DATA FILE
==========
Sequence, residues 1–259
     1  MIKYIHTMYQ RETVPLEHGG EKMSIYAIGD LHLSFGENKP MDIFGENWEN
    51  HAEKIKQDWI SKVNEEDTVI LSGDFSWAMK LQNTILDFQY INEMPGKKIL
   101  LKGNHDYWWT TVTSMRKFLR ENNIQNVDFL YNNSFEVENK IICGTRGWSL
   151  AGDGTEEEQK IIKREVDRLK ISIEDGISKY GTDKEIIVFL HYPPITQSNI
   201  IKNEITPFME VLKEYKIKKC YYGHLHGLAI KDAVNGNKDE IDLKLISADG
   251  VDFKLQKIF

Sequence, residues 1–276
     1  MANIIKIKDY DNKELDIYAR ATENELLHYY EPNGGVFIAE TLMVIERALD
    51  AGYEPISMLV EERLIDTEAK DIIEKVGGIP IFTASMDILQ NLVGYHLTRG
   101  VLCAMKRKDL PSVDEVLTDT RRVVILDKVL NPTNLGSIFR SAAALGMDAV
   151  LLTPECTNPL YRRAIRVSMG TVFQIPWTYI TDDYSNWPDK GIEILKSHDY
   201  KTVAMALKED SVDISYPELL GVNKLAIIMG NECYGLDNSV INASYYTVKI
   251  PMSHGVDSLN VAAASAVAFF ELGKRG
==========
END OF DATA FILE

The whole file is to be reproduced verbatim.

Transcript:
Sequence, residues 1–259
     1  MIKYIHTMYQ RETVPLEHGG EKMSIYAIGD LHLSFGENKP MDIFGENWEN
    51  HAEKIKQDWI SKVNEEDTVI LSGDFSWAMK LQNTILDFQY INEMPGKKIL
   101  LKGNHDYWWT TVTSMRKFLR ENNIQNVDFL YNNSFEVENK IICGTRGWSL
   151  AGDGTEEEQK IIKREVDRLK ISIEDGISKY GTDKEIIVFL HYPPITQSNI
   201  IKNEITPFME VLKEYKIKKC YYGHLHGLAI KDAVNGNKDE IDLKLISADG
   251  VDFKLQKIF

Sequence, residues 1–276
     1  MANIIKIKDY DNKELDIYAR ATENELLHYY EPNGGVFIAE TLMVIERALD
    51  AGYEPISMLV EERLIDTEAK DIIEKVGGIP IFTASMDILQ NLVGYHLTRG
   101  VLCAMKRKDL PSVDEVLTDT RRVVILDKVL NPTNLGSIFR SAAALGMDAV
   151  LLTPECTNPL YRRAIRVSMG TVFQIPWTYI TDDYSNWPDK GIEILKSHDY
   201  KTVAMALKED SVDISYPELL GVNKLAIIMG NECYGLDNSV INASYYTVKI
   251  PMSHGVDSLN VAAASAVAFF ELGKRG